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The problem with India's new FDI rules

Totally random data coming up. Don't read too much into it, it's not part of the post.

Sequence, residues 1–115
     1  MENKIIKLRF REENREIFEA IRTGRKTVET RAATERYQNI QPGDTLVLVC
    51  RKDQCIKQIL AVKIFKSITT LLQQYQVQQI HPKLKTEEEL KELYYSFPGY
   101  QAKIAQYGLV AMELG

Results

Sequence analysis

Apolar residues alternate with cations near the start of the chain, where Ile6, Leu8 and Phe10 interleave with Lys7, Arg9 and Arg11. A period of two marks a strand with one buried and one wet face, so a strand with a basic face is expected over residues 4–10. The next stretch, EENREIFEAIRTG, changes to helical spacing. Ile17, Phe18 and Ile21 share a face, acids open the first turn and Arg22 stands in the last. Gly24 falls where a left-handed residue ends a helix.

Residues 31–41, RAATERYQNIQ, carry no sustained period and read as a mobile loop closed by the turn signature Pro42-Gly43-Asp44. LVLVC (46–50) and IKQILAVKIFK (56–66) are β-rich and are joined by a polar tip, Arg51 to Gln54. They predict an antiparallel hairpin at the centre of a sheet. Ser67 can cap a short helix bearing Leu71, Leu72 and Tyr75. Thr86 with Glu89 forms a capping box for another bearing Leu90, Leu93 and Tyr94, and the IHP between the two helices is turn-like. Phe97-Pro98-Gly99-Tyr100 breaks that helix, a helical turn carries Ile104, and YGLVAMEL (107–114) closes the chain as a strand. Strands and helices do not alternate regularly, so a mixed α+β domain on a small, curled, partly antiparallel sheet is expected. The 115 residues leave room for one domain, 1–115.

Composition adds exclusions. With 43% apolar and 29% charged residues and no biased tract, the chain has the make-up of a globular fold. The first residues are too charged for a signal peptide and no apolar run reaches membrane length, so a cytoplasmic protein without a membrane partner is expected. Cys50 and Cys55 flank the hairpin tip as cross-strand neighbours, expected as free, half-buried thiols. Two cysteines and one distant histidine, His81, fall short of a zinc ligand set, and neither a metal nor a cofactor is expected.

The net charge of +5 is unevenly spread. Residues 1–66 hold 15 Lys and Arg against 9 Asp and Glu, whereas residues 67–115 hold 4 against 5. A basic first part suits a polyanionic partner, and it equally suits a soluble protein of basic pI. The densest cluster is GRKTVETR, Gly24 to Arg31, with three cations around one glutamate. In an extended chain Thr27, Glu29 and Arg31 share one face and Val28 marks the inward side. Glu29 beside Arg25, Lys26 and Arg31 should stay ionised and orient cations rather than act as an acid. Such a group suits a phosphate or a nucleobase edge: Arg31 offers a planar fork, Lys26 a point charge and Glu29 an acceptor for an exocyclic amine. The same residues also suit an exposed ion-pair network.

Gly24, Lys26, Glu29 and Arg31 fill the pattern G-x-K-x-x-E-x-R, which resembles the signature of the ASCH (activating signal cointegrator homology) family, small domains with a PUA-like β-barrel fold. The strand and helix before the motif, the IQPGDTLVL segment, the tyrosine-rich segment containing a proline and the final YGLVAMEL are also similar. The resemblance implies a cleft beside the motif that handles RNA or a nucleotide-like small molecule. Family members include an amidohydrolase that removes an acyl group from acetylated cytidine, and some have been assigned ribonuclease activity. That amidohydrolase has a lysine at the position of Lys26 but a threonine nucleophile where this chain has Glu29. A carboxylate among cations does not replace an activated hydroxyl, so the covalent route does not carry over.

Sidharrth Shankar & Shantanu JindelIndia has reviewed its FDI policy to introduce prior GoI approval for investment by an entity of ‘a country sharing a land border with India’, or if the potential investor is situated in, or is a citizen of, any such country.The note also specifies that in the event of a direct or indirect transfer of ownership of any existing or future FDI in an entity in India, resulting in the beneficial ownership falling within the purview of the conditions mentioned above, such a change in beneficial ownership will also require GoI approval.It isn’t clear how broad the terms ‘indirectly’ and ‘beneficial ownership’ will be interpreted while implementing the revised scheme. Also, whether GoI approval will also apply for follow-on investments by companies from such bordering countries.The aim of the review seems to be to ensure that foreign companies who have access to funds do not take advantage of the economic damage wrought by Covid-19 lockdown. What is novel is its applicability being restricted to countries ‘bordering India’ — read: China; the trigger most probably being the recent follow-on investment by the People’s Bank of China in HDFC.It’s the lack of clarity that makes one wonder if the note was a kneejerk reaction, or a well-thought-out strategy. Can companies with existing investment from China raise funds by way of rights issue without GoI approval? If an Indian entity is a subsidiary of a Chinese company, how will it raise capital in the future?The fact that its parent company is a Chinese corporation won’t change even if GoI doesn’t grant approval for a future fund raise. This becomes relevant in case of companies that don’t have their roots in China, but are now indirectly controlled by Chinese corporations as a result of mergers and acquisitions in the US and Europe. For example, Volvo is a Swedish auto brand and a subsidiary of China’s Geely.The note also doesn’t clarify what happens if, say, the parent of an Indian company based out of Singapore gets acquired by a Chinese corporation.As the ultimate beneficial owner of the Indian company would be a Chinese corporation, would the overseas transaction also require GoI approval? This becomes trickier if an Indian entity has a parent company listed on a stock exchange, as a result of which any change in shareholding may not be controllable.Even the private equity industry would have to examine the structural and financial links to China. For example, could a private equity fund that pools funds in Singapore, and has majority of its limited partners from China, invest in India?India’s dependence on China is likely to continue in the short to medium term. Even during this Covid-19 crisis, India is relying quite a bit on test kits and equipment coming from China.In the long run, India would want to see itself step out of China’s shadow.If India has to go down that route, Indian companies will have to play a critical role and, possibly, take on Chinese corporations in various spheres. And that can only happen if they have shareholders whos interests are aligned with India’s growth, and not with ‘countries sharing a land border with India’.The writers are partners,J Sagar Associates

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